If you want to treat yourself this holiday to something self-contained, beautifully rendered, and full of interesting turns with a Wonder Woman who is unsubtley modeled on Gal Gadot’s gorgeous onscreen appearance, this is the book for you!
Remember, though, that Wonder Woman in the Injustice world is on the side of Superman, which puts her smack dab in a morally questionable camp. Here we get an origin story from Tom Taylor (with a script executed by Kate Perkins), that tells the story of Diana’s from Themyscira to the Halls of Justice in a whole new way.
Many of the story beats are familiar: her relationships on Themyscira with her mother and her Amazonian sisters–in particular her slightly contentious relationship with Phillipus, the arrival of Steve Trevor and how he introduces them to the world war happening outside of their island. It could have all been sort of dull and redundant, but Perkin’s script keeps the dialogue lively and dramatic with a strong emphasis on conflict rather than exposition, and although there is a veritable pack of artists contributing to this book, they are all wonderful. This introduction by Marco Santucci in particular is simply gorgeous in its characterization, its detailed rendering of the jungles of Themyscira, and bold clear line work that is so animated, it feels like it could leap off the page. The book looks amazing.
And despite it being an origin story, it nonetheless has some great surprises!
We’ve see all this before–but have we?
The narrative follows through with Diana accompanying Steve to help him win the war. Once we leave Themyscira, Jamal Campbell picks up the art with a decidedly different style, but one that really clicks with the wartime setting and beginning with a great transitional montage of Diana’s journey toward superhero. I really loved the nostalgic and unapologetic patriotism of this section, but also how it devolves quickly from the “glory” part of war into the “gory” part of war.
Here, we see Wonder Woman confront the problem of evil in a way she has not experienced it before. We also see a more troubled and troubling side of Steve Trevor and his role in the fight. We’re reminded once again, that this is the world of Injustice, which is sometimes upside down in terms of how its characters react and respond to the stresses of conflict.
Let’s just say if anyone was ever wondering what became of Diana’s Steve in this world (and I did wonder way back in the beginning when it was clear that Wonder Woman and Superman had a kind of interesting sexual tension in the original Injustice series), well this book explains all that and as you can guess, it’s not going to go well for ol’ Steve–not when he embarks on an attempt to steal the Lasso of Truth.
I won’t say more because this is totally worth reading for yourself. It’s a very dark story, but a good one–and certainly a black mirror to the hope and cheer of Diana’s current onscreen counterpart.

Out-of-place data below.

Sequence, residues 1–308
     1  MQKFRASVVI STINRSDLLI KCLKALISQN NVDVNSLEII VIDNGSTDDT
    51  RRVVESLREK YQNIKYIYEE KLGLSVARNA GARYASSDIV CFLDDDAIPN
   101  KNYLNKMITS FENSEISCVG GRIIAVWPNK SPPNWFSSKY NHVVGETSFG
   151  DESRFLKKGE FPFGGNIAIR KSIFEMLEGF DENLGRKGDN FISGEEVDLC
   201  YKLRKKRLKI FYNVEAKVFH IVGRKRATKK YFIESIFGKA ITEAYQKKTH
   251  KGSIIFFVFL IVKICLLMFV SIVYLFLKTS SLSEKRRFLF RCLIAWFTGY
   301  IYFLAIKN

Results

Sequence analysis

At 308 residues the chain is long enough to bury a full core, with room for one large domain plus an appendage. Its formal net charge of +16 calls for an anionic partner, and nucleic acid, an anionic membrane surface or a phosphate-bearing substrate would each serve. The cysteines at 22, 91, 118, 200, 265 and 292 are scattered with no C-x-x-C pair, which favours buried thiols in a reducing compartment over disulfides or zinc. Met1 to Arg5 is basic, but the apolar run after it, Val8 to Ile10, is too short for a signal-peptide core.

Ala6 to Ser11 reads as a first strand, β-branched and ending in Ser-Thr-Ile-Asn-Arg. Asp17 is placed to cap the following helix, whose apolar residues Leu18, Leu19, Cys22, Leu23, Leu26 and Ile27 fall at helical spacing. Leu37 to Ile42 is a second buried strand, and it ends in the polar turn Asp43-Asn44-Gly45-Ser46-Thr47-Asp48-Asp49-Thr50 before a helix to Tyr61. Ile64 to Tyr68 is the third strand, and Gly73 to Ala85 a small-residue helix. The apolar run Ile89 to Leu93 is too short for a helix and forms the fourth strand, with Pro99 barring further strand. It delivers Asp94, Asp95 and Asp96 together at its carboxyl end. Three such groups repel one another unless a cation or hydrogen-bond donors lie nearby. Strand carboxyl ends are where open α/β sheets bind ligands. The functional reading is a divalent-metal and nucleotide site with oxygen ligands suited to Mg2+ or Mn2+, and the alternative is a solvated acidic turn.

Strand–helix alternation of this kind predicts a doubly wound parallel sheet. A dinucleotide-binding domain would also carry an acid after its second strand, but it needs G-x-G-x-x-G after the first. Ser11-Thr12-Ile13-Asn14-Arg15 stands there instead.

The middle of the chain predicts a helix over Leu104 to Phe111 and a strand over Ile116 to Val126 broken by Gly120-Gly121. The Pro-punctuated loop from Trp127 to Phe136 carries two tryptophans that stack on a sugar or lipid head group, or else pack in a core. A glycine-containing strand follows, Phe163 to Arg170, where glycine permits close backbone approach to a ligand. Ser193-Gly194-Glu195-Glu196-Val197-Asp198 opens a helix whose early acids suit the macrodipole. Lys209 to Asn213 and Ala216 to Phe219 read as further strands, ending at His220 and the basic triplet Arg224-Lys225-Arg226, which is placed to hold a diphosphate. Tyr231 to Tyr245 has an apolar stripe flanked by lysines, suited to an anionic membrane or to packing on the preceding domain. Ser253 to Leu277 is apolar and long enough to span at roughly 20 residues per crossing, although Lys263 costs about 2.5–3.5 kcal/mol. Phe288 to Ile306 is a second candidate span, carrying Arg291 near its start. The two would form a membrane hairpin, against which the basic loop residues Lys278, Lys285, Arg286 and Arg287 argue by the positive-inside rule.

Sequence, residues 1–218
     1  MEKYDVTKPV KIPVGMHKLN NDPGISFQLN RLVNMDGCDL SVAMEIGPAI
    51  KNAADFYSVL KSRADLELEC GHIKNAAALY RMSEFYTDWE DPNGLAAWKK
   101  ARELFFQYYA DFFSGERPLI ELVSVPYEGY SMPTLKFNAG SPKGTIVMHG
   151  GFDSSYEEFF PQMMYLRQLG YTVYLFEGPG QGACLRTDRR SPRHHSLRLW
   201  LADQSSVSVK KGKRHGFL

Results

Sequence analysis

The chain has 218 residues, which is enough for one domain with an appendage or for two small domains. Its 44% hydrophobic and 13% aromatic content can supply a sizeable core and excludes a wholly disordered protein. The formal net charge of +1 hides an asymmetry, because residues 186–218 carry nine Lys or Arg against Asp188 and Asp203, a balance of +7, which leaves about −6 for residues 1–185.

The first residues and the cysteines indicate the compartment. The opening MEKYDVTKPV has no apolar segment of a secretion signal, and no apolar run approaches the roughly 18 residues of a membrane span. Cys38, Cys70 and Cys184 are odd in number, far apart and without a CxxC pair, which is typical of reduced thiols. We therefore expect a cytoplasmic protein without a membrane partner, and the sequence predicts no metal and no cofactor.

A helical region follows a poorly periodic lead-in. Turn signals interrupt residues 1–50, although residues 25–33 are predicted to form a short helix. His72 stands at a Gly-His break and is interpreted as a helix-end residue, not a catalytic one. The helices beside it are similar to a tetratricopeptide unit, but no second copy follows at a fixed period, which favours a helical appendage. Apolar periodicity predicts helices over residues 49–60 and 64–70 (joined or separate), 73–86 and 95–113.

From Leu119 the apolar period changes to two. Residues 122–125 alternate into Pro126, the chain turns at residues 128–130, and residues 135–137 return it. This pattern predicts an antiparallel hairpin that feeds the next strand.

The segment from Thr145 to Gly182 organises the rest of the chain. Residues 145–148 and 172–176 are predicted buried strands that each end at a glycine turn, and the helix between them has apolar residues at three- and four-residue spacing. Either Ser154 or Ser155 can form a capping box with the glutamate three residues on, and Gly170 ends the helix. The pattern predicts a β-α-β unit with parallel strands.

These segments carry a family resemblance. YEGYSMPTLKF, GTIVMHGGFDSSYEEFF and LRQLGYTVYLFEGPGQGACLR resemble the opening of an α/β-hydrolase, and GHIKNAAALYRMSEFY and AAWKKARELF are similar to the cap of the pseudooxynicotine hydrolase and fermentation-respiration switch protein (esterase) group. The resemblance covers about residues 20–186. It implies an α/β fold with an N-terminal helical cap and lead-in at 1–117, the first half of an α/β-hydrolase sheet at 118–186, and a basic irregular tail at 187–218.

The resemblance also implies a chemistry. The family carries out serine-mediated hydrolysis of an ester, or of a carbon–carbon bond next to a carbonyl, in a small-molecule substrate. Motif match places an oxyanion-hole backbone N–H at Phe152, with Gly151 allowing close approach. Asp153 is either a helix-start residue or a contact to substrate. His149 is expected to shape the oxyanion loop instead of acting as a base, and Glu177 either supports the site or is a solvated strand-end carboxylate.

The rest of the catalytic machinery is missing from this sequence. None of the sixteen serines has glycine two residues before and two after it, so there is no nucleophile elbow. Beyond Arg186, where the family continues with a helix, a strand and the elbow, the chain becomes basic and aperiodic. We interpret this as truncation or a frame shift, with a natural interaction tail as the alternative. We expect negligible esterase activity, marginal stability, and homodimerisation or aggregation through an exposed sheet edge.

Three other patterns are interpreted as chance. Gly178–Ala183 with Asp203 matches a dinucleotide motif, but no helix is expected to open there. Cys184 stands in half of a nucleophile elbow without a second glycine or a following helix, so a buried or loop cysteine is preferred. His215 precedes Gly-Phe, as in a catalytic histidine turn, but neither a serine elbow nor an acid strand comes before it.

But more than just a cynical look at a beloved hero, it’s a tragedy that boldly draws for us that thin red line that separates the good and evil where power and is concerned.
Let’s just remember happier times, shall we?
As a bonus we get a second story from Brian Buccellato, which takes place in the world of Injustice: Ground Zero, the predecessor series to this current one. This was the series in which Harley Quinn featured heavily, raising a Joker Gang army. This addition is just a fun flashback with a familiar gang that was sadly wasted at the start of Injustice 2. More to the point, I remarked on how sorry I was to see the squad eliminated so quickly as they seemed such a quirky group of third-rate villains and it might have been fun to see what else they could do.
This story essentially gives us that wish.
It’s campy to some degree, but mostly just one long action sequence of the “C-Team” Suicide Squad brawling with the Joker Gang (for those of you who are sick of Harley, she barely makes an appearance as the whole thrust of the story is that the team is coming after her and she eludes them. We get some cameos from Amanda Waller and Deadshot, but the majority of the story is focused on our loser villains winning, which is kinda of fun if you just need some mindless fluffy comic-book filler for after-dinner when you’re in a turkey haze.
Pop Mahn covers art on this one and though it’s not as beautiful as the Wonder Woman story that comes before it, the fact that J Nanjan did all the colors gives it the same rich saturated depth. And it’s not like Mahn is any slouch to begin with: he manages to keep a many-pages-long brawl interesting, which for readers like me isn’t an easy job.
At lot of fun is just the variety and weirdness of the “Squad”. I mean, look at these guys, they’re hilarious:
And then they’re all dead, but that’s another story
- You love Wonder Woman! This is a crazy good story, even though it is very dark.
- You just enjoy a good one-shot with beautiful art!
- Bang for Buck, Baby. This has got it!
Even if you’re not much interested in the world of Injustice, you might want to pick up this book–just to read an amazing, thoughtful story that asks hard questions about the choices we make in the world. Particularly if you enjoy the grim side of superheroes or wonder how easily someone with the best intentions and so much power can lose their way without even knowing they are lost, you’ll want to dip your toe in the dark pool of this super-sized Annual that gives top-billing to a Wonder Woman origin story that is not going to end the way you think it will. As a bonus, you get the C-Team Suicide Squad with great underused third-rate villains like the Polka-Dot Man. Seriously: if you love comics, here’s even more to love!